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Fresh Voices Needed for Genetic Debate

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The subject of genetic testing, and how its results should be used, is a controversial one. Members of the CIA have already contributed to the debate, but more voices must be heard—and yours could be among them.

One of those already involved in such conversations is Stuart Wason, FCIA, a past President of the CIA. Representing the Institute, he recently participated in a round-table discussion on genetic testing and insurance, organized by the Office of the Privacy Commissioner (OPC) to hear opinions from all those interested in the question of whether Canada needs laws governing the privacy of individuals’ genetic information. You may have also noted in recent weeks a series of articles on the topic of genetic testing published in the Globe and Mail newspaper.

Some proponents of such privacy restrictions believe that if insurers discovered that a potential customer possessed the same genetic mutation that killed one of their parents (for example, Huntington’s disease), the company would not provide any coverage—so-called "genetic discrimination". Groups like the U.S. National Human Genome Research Institute also believe that without legal safeguards, managers could use genetic profiling to screen current or future employees, leading to the kind of discrimination that has already been outlawed in areas like race, age, or sexuality.

Conversely, some of those opposed to restricting the use of genetic information believe that most instances of the alleged discrimination are undocumented and may be more perceived than real. An article on the British Medical Journal website said that such prejudice from insurers would be unlikely:
". . . companies won’t be able to penalise people with a certain gene unjustly for fear of being priced out of the market . . . If some people pay a higher premium because of their genetic inheritance, then that’s not necessarily unjust: they often pay a higher premium for many insurance products because they represent a bigger risk. At the same time, a market will grow up to serve that particular section of the community, just as there are car insurance firms that specialise in different demographic groups."
Other critics of privacy regulations believe that making genetic information publicly available will enable gene science to advance faster, and thereby help patients in need. According to scientist Timothy Smith of the Human Variome Project:
"More than ever before, we’re living in a world where our individual genetic makeup will determine the course of the medical treatment we may undergo. We may all be the eventual recipient of possibly life-altering medical intervention that’s based on the insights collected from someone else’s unique genetic sequence. Without the free and open sharing of information on genetic variations, we may be withholding treatment from people who are already suffering."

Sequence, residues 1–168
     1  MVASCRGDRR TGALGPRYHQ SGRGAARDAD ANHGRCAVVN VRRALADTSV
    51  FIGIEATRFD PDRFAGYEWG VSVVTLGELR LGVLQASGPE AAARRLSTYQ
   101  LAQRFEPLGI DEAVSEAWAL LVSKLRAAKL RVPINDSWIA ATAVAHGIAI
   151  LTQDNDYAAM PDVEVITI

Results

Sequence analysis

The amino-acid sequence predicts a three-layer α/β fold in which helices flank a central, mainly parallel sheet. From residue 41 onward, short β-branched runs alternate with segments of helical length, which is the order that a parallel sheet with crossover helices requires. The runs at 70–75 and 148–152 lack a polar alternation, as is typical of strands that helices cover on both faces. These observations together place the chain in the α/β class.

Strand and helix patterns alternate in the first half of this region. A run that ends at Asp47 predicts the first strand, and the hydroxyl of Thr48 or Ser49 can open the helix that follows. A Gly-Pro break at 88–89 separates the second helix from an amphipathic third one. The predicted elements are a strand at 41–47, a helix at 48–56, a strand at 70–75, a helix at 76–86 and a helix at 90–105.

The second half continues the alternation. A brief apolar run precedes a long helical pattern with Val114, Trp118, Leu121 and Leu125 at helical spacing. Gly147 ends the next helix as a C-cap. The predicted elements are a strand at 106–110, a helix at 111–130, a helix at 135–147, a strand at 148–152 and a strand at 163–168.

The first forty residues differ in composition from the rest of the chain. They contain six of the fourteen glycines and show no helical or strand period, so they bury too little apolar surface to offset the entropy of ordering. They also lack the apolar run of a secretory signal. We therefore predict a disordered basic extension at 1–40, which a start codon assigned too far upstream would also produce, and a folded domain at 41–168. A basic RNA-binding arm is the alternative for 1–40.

The OPC has released papers on this subject, and as far as the papers’ authors are concerned, a ban on the use of genetic information by the life and health insurance industry "would not have a significant impact on insurers and the efficient operation of insurance markets."

The OPC’s views were among those presented at the round-table discussion, which included insurers and other experts. Following the debate, Mr. Wason said: "The papers were well prepared and fair in their comments, including references to actuaries. I would characterize the session as part an information-gathering process by the OPC. The questions seemed fair, although many reflected a desire to understand the fundamentals insurance systems and underwriting."

"It seemed to be well understood by the participants that there are relatively few causes of death for which a genetic marker is the prime determinant of the individual’s lifespan. For many causes of death, lifestyle and family history are a far greater determinant."

There were no significant contentious issues brought forward, although I sense the OPC is considering how other countries are addressing the use of (and possible restrictions on) genetic testing information.."

In 2000, the CIA published a statement on genetic testing and insurance, which said that "while additional genetic information may be of some assistance to insurers in accepting insurance, the vast majority of people applying for life or medical insurance would still be accepted as standard risks . . . For those risks that are not standard, much of the information that could be provided by today’s genetic testing is available through conventional questions about medical and family history, and is already being factored into traditional underwriting."

The statement concluded: "The CIA does not support mandatory genetic testing for insurance, nor the disclosure of test results without an individual’s authorization. However, the CIA believes that should genetic test results be available, the results should be shared between both parties of an insurance contract (policyholder and insurer)."

Given the ongoing development of genetic science, the development of societal values, and the implementation of privacy regulations in various jurisdictions in the 12 years since that statement was published, it is a good time for the CIA to consider the need to update its statement.

If you are interested in being involved in a potential new task force to work on a statement concerning genetic testing, please contact CIA resident actuary Chris Fievoli at chris.fievoli@actuaries.ca.
 

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